Dozens of New Jersey ambulance companies — most of them headquartered within 15 miles of Paterson — billed Medicare for unusually large numbers of non-emergency ambulance rides in 2012, a ProPublica analysis of recently released Medicare payment data found.
Some 37 operators claimed an average of 50 trips or more per patient, collecting more than $46.5 million from Medicare that year. By comparison, in 33 other states, not a single ambulance company billed Medicare for that many rides per patient, the analysis showed.
Prosecutors had video showing some patients walking to and from ambulances, or even being driven to dialysis in personal vehicles instead of the ambulances for which Medicare was billed, Assistant U.S. Attorney Beth Leahy said.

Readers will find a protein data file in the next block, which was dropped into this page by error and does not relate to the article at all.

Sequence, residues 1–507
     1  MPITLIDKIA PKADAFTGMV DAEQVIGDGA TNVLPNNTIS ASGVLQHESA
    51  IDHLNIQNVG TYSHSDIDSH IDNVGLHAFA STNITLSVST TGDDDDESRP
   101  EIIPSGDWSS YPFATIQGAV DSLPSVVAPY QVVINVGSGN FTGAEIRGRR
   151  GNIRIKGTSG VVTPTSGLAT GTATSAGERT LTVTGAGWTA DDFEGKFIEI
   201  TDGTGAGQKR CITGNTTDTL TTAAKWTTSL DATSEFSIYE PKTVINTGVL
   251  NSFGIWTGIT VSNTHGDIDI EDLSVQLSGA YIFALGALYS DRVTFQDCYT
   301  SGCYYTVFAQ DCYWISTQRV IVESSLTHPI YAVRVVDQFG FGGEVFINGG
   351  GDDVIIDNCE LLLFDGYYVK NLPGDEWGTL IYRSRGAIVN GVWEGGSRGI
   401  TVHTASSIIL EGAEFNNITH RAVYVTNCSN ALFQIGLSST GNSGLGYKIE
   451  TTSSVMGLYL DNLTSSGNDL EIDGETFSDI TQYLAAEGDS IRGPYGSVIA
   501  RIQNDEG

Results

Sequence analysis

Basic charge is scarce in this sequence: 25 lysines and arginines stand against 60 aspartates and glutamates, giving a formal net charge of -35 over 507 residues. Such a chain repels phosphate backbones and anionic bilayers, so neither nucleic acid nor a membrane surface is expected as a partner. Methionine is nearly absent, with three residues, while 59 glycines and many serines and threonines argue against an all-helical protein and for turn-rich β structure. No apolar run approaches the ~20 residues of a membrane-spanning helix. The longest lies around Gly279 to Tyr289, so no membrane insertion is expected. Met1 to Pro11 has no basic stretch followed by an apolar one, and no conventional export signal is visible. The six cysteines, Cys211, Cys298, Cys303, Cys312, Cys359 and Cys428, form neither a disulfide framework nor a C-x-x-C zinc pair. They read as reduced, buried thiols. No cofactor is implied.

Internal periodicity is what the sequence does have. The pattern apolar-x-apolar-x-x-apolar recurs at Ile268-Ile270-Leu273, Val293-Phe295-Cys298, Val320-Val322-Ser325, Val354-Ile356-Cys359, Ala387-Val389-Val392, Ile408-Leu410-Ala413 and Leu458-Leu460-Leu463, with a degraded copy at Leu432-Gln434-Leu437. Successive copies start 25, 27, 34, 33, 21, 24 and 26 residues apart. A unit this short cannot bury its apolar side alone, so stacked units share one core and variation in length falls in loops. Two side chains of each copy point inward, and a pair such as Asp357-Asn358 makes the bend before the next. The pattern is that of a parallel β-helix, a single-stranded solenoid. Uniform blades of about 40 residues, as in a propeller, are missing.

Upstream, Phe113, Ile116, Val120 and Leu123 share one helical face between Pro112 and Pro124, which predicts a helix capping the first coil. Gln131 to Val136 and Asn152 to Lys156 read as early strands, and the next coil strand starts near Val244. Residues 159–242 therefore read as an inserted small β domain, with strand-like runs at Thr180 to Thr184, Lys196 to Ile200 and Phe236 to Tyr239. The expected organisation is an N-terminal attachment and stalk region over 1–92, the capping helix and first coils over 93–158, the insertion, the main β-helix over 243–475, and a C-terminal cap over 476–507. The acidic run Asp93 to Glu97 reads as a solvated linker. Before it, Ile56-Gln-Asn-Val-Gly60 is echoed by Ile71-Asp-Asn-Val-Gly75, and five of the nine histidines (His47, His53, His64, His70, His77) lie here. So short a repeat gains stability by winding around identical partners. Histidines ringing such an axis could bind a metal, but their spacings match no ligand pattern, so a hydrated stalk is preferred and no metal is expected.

“It’s direct evidence that these patients are ambulatory,” she said, “that they don’t need to be transported by ambulance, yet the companies are submitting claims to Medicare stating that the transport by ambulance is medically necessary for their wellbeing.”